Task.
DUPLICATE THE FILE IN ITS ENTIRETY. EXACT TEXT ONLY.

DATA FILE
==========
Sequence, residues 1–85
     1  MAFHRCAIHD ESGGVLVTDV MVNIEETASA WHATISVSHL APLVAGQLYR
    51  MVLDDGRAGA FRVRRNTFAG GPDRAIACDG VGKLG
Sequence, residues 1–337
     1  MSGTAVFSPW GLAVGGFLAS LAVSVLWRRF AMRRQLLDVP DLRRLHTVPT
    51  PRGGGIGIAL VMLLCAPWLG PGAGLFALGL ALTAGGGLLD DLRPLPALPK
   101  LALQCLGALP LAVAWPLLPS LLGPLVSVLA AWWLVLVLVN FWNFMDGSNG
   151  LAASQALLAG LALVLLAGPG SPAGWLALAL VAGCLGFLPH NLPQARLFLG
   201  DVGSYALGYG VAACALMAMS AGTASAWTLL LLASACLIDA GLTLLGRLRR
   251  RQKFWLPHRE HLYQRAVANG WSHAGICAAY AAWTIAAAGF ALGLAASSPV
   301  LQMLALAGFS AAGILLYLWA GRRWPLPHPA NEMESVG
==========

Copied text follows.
Sequence, residues 1–85
     1  MAFHRCAIHD ESGGVLVTDV MVNIEETASA WHATISVSHL APLVAGQLYR
    51  MVLDDGRAGA FRVRRNTFAG GPDRAIACDG VGKLG
Sequence, residues 1–337
     1  MSGTAVFSPW GLAVGGFLAS LAVSVLWRRF AMRRQLLDVP DLRRLHTVPT
    51  PRGGGIGIAL VMLLCAPWLG PGAGLFALGL ALTAGGGLLD DLRPLPALPK
   101  LALQCLGALP LAVAWPLLPS LLGPLVSVLA AWWLVLVLVN FWNFMDGSNG
   151  LAASQALLAG LALVLLAGPG SPAGWLALAL VAGCLGFLPH NLPQARLFLG
   201  DVGSYALGYG VAACALMAMS AGTASAWTLL LLASACLIDA GLTLLGRLRR
   251  RQKFWLPHRE HLYQRAVANG WSHAGICAAY AAWTIAAAGF ALGLAASSPV
   301  LQMLALAGFS AAGILLYLWA GRRWPLPHPA NEMESVG